Before you can act you have to be “on receive.” Not as an armchair passively receives your body, but more like an antenna receiving radio waves. It’s up to you to position the antenna, to pick up clearly what’s out there. Because everything is already out there, within reach. Whatever your situation, this is the first thing to get right: the position of your antenna, your position in the armchair. There’s nothing you actually have to do; just allow the position to take shape by itself. The right position can only come from you, from your body, and not from a command or an order. Either it will come easily or it won’t come at all. One thing is certain: no one will be able to force you into it. So take your time.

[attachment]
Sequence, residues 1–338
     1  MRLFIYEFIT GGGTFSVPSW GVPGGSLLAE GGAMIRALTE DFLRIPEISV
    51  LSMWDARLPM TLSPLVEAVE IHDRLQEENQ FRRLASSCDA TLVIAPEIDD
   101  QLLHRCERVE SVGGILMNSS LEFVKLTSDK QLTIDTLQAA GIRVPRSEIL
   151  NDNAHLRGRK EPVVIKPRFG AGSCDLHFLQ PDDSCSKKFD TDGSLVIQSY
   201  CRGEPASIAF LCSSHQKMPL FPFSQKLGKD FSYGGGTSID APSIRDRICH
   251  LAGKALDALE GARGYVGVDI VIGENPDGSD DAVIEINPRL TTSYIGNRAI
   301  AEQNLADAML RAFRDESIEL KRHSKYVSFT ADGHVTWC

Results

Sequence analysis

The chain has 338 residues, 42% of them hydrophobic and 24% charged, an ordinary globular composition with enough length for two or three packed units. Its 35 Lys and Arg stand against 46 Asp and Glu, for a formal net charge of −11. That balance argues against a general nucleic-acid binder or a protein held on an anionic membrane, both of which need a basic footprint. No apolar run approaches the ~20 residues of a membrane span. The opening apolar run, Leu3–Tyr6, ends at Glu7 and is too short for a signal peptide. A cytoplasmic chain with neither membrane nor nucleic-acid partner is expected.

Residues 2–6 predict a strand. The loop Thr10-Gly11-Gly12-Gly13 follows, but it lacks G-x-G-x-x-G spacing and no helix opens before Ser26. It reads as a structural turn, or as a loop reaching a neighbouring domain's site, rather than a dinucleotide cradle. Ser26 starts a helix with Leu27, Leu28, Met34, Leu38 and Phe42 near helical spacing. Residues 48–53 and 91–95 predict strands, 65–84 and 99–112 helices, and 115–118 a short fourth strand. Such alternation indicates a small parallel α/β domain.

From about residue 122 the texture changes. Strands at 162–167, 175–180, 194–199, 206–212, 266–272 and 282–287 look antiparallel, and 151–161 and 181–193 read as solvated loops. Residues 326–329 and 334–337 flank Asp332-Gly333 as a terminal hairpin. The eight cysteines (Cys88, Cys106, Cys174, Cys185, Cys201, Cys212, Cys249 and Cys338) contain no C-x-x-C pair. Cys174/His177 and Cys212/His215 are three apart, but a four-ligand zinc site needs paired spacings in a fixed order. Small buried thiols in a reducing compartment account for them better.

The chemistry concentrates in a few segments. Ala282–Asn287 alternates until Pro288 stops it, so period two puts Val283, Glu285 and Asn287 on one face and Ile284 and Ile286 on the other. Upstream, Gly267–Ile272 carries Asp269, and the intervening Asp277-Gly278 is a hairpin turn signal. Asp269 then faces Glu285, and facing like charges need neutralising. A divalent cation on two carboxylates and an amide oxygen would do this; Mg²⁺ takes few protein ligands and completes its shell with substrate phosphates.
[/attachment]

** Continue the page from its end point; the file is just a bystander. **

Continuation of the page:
The Secret Laws of Attention

Descartes’ method as its name suggests, is to make life easier. Odos or hodos, in Greek, means “the road.” Descartes’ method is one that shows which road to follow in order to think as easily as possible, but, as we shall see, it can also be used to guide our actions. It only has four rules: the (self-)evident; dividing up the difficulties; order; and enumeration.

  1. The evident comes from the Latin video, “to see.” The evident is what happens when you see something with the mind’s eye, i.e., you understand it. The evident is not a starting point but a result. It is the result of attention. Imagine attention as a swath of light, the beam of a torch. This swath of light is narrow but intense. The attention cannot therefore shine on many objects at the same time. Ideally, attention should focus on only one point at a time. Therefore you must always: